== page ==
Today’s kids are tomorrow’s future. What parents teach to their children today is the key to the future of our society in the next few decades.
For parents who are concerned about sustainability and our planet Earth, water conservation for kids is certainly one of the most important lessons to teach to our kids.
It is important for us to realize that kids are never too young to start learning some simple water saving tips. With small efforts at home taken over time, the long term accumulated impact of our kids’ water conservation can be staggering.
If you are unsure of how you should start to teach water conservation for kids, check out the following article for 20 simple ways of doing so!
Via The Water Page.com: Water Conservation for Kids
Did you know that kids can make a very important difference towards water conservation? But first off, why do we even need to know about conserving water? Water is a natural resource that we derive from the Earth. Without it, we would not be able to live! Imagine a world with no water at all. You wouldn’t be able to drink it, bathe, swim and so on. Without clean water, other creatures, such as plants, animals, birds and ocean life would also get sick and die after drinking polluted water. Although kids don’t work at large companies or the government, they can still make a huge impact simply by starting at home and changing the way their families, friends and classmates use water. To get an idea of how much water we could all save if we all made a small effort, think about this: If every person across the nation flushed their toilets one time less every day, together they could all save enough water to fill a lake as large as a mile wide and long and four feet in depth! Now that you know how easy it can be to help save water, try some of the ideas below and start doing your part to change our world.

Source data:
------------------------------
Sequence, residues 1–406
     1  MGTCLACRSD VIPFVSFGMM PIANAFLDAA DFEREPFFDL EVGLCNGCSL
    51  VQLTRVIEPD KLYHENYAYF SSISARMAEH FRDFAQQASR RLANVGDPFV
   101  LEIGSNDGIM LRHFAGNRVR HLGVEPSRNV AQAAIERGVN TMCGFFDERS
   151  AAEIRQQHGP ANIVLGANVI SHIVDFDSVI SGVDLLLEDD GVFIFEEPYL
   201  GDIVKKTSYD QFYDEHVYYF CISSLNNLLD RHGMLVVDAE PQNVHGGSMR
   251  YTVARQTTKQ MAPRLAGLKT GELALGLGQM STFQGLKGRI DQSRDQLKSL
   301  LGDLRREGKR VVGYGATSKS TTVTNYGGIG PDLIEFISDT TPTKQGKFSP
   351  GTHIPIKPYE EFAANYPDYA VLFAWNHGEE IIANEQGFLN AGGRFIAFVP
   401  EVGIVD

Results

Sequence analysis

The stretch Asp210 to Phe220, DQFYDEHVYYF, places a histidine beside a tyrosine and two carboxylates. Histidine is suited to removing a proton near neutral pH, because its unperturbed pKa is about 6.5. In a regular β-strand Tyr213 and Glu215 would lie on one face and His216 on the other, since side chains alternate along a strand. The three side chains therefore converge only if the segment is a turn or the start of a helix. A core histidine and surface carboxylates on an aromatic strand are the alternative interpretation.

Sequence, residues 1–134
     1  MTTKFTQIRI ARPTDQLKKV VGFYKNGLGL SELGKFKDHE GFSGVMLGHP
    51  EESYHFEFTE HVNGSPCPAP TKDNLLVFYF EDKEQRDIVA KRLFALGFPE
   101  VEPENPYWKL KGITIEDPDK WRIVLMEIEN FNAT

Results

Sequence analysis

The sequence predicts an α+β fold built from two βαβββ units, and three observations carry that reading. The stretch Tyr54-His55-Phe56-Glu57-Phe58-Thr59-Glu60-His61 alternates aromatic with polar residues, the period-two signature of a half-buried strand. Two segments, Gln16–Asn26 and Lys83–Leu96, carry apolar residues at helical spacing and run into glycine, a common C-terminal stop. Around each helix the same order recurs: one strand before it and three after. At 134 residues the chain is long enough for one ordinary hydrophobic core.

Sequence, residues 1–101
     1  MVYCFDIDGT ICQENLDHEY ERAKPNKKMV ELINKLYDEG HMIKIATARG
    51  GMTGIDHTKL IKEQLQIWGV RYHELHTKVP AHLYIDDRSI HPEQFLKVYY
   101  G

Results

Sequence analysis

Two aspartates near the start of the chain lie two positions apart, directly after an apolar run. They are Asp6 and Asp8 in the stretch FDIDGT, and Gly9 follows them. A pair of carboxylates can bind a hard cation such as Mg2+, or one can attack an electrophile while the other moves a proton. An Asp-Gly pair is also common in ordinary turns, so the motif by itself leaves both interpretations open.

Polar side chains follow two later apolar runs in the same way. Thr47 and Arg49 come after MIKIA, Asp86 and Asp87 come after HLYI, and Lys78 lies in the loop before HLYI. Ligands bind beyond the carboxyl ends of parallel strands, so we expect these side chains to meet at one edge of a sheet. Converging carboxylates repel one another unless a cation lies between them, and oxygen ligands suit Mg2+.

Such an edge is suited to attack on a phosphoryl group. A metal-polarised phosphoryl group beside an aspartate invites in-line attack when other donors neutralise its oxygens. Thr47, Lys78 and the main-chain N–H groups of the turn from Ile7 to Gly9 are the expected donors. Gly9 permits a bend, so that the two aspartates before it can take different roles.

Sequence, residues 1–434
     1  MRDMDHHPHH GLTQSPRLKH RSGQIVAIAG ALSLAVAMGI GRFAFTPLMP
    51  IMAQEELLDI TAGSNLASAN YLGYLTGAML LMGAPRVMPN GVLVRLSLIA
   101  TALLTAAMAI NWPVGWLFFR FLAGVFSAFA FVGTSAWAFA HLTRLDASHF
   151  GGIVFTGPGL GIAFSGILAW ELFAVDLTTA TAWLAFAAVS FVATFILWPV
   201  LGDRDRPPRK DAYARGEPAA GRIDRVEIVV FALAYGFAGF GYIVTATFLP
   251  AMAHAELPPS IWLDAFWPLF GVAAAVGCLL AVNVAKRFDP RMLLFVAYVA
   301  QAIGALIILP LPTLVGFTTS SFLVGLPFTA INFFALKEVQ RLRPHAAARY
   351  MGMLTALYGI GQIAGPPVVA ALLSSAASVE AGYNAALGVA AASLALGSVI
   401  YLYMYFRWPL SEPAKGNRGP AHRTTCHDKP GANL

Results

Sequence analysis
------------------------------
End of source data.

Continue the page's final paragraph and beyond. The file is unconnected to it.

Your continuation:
20 Ways Kids Can Help to Save Water:
Whenever you wash your hands, don’t leave the water running. Wet your hands and turn the water off. Use soap and lather your hands well, then turn the water on to rinse. Turn off the water and make sure it is off completely. Then dry your hands.
Do the same when you brush your teeth. Turn the faucet on to get your toothbrush and toothpaste wet, and then again to rinse your mouth and toothbrush. Don’t leave the water running while you’re brushing.
Tell your friends what you’re doing and why and encourage them to do the same.
Tell adults when faucets are dripping.
Since baths use a lot of water (about 37 gallons on average), take short showers instead and use only about 20 gallons of water, instead.
Use a wastebasket for used tissues, or things like gum wrappers, paper towels, or even dead bugs or goldfish. Don’t flush them – the average flush uses as much as 5 gallons of water! Even if the toilets in your house are “low-flow” toilets, using them for trash still uses 1.5 gallons of water unnecessarily.